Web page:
U.S. and Mexican officials met in Washington Friday to discuss a variety of shared issues including trade, economic growth and border security as part of the third U.S.-Mexico high-level economic dialogue.
U.S. Secretary of State Antony Blinken, along with the Commerce Secretary Gina Raimondo, and U.S. Trade Representative Katherine Tai co-hosted meetings with their Mexican counterparts at the U.S. State Department headquarters.
Next week, Blinken, U.S. Attorney General Merrick Garland, and other U.S. officials will travel to Mexico to continue the high-level security dialogue. The state department describes the two meetings as "the scaffolding" for the economic and security cooperation between the two nations.
At a joint news conference following their talks, Blinken and his Mexican counterpart, Foreign Secretary Alicia Barcena, both said the two countries share the objective of making North America the most dynamic, competitive, and prosperous economic region in the world.
Mexico has become the top U.S. trading partner, last year exchanging more than $860 billion in goods and services, an all-time high.
In their comments, both Blinken and Barcena said they discussed how that prosperity can be shared through social economic growth and development in other areas of the Americas, to address some of the root causes of irregular migration in the region.
"When people can make a living, when they have confidence in their economic security ... when they can build a future at home, that's where they'll stay," said Blinken.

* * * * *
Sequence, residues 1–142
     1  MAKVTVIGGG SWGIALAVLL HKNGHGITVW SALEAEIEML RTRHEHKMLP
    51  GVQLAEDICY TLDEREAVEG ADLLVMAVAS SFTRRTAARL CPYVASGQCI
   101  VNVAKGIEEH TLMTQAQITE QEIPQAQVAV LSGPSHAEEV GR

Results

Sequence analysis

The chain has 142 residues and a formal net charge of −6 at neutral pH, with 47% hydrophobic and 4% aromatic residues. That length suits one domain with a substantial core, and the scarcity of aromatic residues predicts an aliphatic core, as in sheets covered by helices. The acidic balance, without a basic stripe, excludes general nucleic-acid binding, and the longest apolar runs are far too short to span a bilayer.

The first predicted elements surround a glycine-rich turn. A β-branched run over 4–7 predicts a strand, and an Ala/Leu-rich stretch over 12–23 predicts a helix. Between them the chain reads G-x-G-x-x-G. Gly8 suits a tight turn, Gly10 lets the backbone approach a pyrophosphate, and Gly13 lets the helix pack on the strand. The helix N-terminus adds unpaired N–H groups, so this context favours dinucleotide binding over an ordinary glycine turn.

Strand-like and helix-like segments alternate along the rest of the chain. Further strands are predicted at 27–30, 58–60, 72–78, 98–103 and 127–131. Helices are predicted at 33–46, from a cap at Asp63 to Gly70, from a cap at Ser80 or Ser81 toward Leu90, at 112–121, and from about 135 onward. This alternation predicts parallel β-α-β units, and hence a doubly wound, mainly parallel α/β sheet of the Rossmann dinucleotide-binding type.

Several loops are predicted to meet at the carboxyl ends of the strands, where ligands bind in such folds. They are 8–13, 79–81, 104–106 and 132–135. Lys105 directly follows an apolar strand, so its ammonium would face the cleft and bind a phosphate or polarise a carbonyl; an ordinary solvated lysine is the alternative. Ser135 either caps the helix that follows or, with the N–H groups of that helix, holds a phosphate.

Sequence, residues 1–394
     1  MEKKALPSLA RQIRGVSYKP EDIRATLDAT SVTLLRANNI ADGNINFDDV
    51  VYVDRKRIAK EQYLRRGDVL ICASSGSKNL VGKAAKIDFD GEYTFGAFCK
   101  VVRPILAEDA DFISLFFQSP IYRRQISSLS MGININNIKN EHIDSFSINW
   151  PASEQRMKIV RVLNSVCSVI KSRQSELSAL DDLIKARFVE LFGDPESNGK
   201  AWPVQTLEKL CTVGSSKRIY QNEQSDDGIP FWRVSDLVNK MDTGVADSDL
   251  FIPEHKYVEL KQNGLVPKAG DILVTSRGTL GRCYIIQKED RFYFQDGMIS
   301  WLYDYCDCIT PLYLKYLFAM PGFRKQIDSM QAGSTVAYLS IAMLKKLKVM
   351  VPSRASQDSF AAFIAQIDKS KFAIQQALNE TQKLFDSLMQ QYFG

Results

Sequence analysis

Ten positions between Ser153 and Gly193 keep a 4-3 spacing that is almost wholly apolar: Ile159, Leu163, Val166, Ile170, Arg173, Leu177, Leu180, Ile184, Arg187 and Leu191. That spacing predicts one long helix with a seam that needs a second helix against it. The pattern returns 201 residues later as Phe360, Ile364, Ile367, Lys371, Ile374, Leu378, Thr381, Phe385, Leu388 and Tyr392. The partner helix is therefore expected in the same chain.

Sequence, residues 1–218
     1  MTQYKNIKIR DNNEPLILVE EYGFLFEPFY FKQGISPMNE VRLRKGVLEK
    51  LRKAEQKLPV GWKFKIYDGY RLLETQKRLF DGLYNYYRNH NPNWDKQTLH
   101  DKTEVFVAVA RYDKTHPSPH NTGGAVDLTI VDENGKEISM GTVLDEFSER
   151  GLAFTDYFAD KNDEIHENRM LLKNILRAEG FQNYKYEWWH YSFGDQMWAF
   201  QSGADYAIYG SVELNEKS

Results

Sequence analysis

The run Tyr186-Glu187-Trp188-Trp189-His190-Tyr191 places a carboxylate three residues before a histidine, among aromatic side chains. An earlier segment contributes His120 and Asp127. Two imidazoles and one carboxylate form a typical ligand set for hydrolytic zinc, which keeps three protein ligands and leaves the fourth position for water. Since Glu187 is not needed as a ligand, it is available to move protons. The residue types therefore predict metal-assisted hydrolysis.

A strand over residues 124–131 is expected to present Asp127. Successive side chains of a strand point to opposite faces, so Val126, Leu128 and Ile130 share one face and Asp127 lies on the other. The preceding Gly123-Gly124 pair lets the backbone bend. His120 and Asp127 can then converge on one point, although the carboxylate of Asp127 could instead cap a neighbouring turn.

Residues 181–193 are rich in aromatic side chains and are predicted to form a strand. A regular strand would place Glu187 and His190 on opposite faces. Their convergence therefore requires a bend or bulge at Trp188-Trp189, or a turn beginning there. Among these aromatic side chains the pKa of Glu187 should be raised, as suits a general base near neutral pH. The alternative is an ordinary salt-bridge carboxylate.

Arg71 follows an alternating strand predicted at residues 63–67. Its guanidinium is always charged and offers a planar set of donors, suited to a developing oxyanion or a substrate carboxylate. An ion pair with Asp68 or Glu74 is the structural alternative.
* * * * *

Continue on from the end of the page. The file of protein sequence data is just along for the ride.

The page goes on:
Both Blinken and Barcena said the meeting included the development of a very clear strategy to attract new investment that could make the region one of the most powerful producers of conductors and semi-conductors in the world, along with other emerging technologies.
Strengthening border infrastructure and coordination was also a key topic at their meeting, which is as much an economic issue as it is a security issue. Blinken said coordination at the border can streamline wait times to allow people and goods to cross legally, while strengthening the capacity to deal with drug trafficking.
Looking ahead to next week's meeting in Mexico City, the U.S. secretary of state said addressing the illegal drug trade will be a top priority, as fentanyl and other synthetic drugs have become the number one killer of U.S. residents between the ages of 18 and 49.
He also noted that the U.S. must take responsibility for guns heading into Mexico, arming drug cartels. Mexican officials say some 200,000 guns come into Mexico from the U.S. each year.